The Red Cross has brokered a deal with representatives of Venezuela’s embattled leader, Nicolás Maduro, and his rival, Juan Guaidó, to allow humanitarian aid into the country, indicating a seldom-seen middle ground between the two men that contest the presidency. The first shipment of aid for about 650,000 vulnerable people could reach Venezuela in two
The Red Cross has brokered a deal with representatives of Venezuela’s embattled leader, Nicolás Maduro, and his rival, Juan Guaidó, to allow humanitarian aid into the country, indicating a seldom-seen middle ground between the two men that contest the presidency.
The first shipment of aid for about 650,000 vulnerable people could reach Venezuela in two weeks, Francesco Rocca, the president of the International Federation of the Red Cross, told a press conference on Friday.
“This is an operation similar to what’s going in Syria, in terms of the amount of people that will be attended,” Rocca said. “This obviously will not resolve the problems in Venezuela – and nobody should assume this is a complete solution.”
The shipment will include medical equipment, surgical kits and power generators – which are desperately needed as Venezuela grapples with devastating blackouts.
The operation once again puts humanitarian aid at the centre of the battle for power in Venezuela, following Guaidó’s failed attempt to unilaterally bring US-supported aid into the country last month.
Venezuela has been mired in an economic, political and humanitarian crisis for five years. Shortages and hyperinflation – set to reach 10m% this year – have made medicines and even basic foodstuff hard to obtain for most people.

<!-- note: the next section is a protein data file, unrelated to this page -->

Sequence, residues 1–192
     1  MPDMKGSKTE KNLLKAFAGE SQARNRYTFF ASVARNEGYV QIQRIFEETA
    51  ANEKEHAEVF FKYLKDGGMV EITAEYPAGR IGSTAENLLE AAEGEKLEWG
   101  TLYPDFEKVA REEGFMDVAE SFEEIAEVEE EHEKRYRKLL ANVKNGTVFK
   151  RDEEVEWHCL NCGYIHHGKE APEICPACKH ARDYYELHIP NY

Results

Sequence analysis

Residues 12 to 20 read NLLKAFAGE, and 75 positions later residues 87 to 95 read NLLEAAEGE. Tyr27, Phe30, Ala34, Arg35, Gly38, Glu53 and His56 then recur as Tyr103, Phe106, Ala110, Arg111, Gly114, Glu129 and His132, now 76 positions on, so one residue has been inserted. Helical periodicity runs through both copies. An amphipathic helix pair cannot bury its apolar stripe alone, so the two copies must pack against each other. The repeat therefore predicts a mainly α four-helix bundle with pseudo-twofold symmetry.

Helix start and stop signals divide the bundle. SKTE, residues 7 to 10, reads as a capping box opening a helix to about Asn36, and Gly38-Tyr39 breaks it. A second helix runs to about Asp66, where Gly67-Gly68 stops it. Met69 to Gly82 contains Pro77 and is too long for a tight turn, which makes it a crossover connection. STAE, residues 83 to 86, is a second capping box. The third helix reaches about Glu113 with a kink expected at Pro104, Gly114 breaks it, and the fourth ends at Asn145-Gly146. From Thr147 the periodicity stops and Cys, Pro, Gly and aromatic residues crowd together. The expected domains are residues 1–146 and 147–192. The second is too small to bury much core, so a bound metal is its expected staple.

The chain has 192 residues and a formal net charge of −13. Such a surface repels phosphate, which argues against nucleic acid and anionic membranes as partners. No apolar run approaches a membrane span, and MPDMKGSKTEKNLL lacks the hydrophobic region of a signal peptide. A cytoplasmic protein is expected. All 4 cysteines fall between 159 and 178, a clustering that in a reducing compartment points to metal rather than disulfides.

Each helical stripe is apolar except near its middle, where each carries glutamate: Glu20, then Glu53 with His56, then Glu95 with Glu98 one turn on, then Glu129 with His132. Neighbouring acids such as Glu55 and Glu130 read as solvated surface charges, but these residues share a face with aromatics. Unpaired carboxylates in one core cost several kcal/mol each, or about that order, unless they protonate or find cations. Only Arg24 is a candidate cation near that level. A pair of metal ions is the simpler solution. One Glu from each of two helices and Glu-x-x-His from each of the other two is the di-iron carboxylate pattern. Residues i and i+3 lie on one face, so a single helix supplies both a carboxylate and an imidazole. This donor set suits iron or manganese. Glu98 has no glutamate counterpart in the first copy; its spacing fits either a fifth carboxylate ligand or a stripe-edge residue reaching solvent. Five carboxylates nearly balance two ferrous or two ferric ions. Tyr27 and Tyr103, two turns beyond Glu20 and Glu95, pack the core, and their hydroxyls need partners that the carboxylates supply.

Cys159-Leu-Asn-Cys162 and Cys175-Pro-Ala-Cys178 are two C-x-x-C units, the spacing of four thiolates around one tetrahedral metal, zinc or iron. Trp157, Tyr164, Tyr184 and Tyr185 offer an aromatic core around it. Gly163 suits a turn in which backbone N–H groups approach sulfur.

The average Venezuelan has lost 10kg in weight, according to Caritas, a Catholic humanitarian organisation, while 3 million people have fled.
Venezuela’s embattled president Nicolás Maduro has long denied the existence of a humanitarian crisis, and on 23 February blocked an effort led by Guaidó to bring aid into the country.
That day, violence erupted on Venezuela’s borders with Brazil and Colombia. Opposition supporters clashed with security forces, while some of the trucks carrying the food and medical supplies were burned in circumstances that remain unclear. Most of the trucks were turned around and little aid entered Venezuela.
Maduro portrayed the aid as a prelude to a foreign intervention, while his vice-president, Delcy Rodríguez, described the packages as “cancerous”.
The new effort seems more likely to succeed in large part because of the involvement of the Red Cross, which had distanced itself from the previous attempt to shift the aid into Venezuela.
“Today’s Red Cross development is clear evidence that independent shuttle diplomacy and separate negotiations with Maduro and the opposition can pay off in Venezuela,” tweeted Geoff Ramsey, a Venezuela analyst at the Washington Office on Latin America.
Rocca stressed that the delivery of aid must remain “independent, neutral, impartial and unhindered”.
Guaidó, speaking in a video posted to Twitter on Friday morning, was quick to seize the announcement as a win, claiming a “great victory in our struggle”.
Maduro has not yet made an announcement on the new aid delivery.